Now competitors are using that same strategy against the Korean device manufacturer.
Over the last two years, Samsung has edged out other handset makers to emerge as the only legitimate competition to Apple in the U.S. smartphone market. In January 2011, Samsung ranked fourth in the U.S. with 8.3% of the market, according to comScore. Two years later, Samsung had 21.4% of the market and trailed only Apple.
During that two-year time period when Samsung's market share nearly tripled, Nokia saw its market share drop from small (2.5%) to smaller (1%). Likewise, Windows saw its mobile platform market share decrease from 8% to 3.1%. The companies have now teamed up to create an ad criticizing the camera in the Samsung Galaxy S III and touting photo-taking capabilities of the Nokia Lumia 920 (a Windows phone).
When asked about having its crosshairs trained on Samsung, Microsoft said in a statement: "People's interest in Windows Phone is piquing, and the Windows Phone Challenge is a great way to show how well Windows Phone stacks up to the competition."
"Samsung has this momentum behind them. When you look at this strictly from a marketing sense, Apple stayed true to a quieter and more elegant approach," Ken Segall, a former strategy consultant to Apple, said.
Meanwhile, HTC is gearing up for the April 19 on-the-shelf launch of the HTC One and it views Samsung --specifically, the upcoming Galaxy S4 -- as its primary foe.
"Samsung is the other large Android provider, so it's a natural adversary if you will," said Erin McGee, HTC's VP-North American marketing.
HTC's market share has dropped from a high of 15% in November 2011 to 9.3% in February 2013. The shift suggests Samsung's gains have come at HTC's cost, and Ms. McGee said the company will be fighting with both its dollars and messaging. HTC's second-quarter marketing spend will be second to Samsung, she said, but the HTC One's features are superior.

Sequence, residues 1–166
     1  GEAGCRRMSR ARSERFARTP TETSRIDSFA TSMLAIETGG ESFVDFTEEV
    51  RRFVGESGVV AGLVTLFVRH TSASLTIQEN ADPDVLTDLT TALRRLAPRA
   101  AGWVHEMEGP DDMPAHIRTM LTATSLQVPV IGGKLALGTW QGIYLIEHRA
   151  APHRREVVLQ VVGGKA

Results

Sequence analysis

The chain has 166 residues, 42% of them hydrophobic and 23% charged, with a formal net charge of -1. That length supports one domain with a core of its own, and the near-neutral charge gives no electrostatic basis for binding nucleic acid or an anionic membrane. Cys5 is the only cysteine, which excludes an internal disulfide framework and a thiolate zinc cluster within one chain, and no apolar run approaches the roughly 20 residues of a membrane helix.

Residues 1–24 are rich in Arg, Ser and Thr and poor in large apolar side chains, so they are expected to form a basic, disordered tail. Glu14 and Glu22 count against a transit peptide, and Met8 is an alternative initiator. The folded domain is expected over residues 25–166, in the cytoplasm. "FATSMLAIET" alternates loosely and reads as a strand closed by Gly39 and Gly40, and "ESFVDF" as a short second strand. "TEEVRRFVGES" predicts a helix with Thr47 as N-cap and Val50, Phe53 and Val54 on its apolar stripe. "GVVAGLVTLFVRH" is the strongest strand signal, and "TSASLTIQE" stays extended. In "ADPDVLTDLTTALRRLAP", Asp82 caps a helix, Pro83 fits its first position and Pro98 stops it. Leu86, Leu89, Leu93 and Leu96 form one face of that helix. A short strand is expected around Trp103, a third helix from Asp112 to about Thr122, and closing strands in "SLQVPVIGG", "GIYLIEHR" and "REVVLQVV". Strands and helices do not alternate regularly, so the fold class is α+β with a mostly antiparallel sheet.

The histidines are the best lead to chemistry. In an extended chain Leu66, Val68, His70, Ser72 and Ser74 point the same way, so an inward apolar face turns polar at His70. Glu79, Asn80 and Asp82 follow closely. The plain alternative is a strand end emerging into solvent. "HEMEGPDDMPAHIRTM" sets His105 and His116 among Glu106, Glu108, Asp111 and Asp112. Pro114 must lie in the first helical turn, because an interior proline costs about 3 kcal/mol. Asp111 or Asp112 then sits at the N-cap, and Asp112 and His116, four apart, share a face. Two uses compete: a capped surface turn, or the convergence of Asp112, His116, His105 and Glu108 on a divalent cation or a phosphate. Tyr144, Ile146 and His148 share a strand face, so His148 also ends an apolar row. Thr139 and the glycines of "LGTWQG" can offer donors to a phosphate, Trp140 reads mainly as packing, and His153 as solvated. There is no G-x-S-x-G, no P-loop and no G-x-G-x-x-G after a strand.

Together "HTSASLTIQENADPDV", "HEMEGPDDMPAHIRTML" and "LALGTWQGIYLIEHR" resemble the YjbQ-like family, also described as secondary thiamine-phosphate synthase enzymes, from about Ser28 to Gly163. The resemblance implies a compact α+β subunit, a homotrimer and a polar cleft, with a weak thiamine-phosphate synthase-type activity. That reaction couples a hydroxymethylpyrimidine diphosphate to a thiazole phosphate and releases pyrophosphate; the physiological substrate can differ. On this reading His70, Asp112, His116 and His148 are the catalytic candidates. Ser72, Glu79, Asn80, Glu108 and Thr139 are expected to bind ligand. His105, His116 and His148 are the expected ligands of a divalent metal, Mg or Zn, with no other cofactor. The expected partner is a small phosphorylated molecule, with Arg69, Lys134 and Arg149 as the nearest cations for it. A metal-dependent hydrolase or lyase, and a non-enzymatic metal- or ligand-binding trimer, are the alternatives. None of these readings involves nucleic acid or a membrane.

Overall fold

"It takes five GS4s to get to the sound volume of one HTC One," Ms. McGee said about the phone's respective speaker systems.
BlackBerry, however, has chosen to refrain from marketing its new Z10 smartphone against the S4 or its company against Samsung, in general.
"We don't compare ourselves to the other options on the market," BlackBerry CMO Frank Boulben said. "We're focused on our unique platform and the unique needs that platform meets."
Samsung's marketing campaign for the S4 is said to be the largest in company history. How it will be marketed still remains a mystery, but Samsung would be wise not to take its focus off Apple.
ComScore data show that Samsung's U.S. market share has increased one percentage point from November 2012 to February 2013, from 20.3 to 21.3%. Apple's increased 3.9 percentage points over that same time period, giving it almost two-fifths (38.9%) of the U.S. market.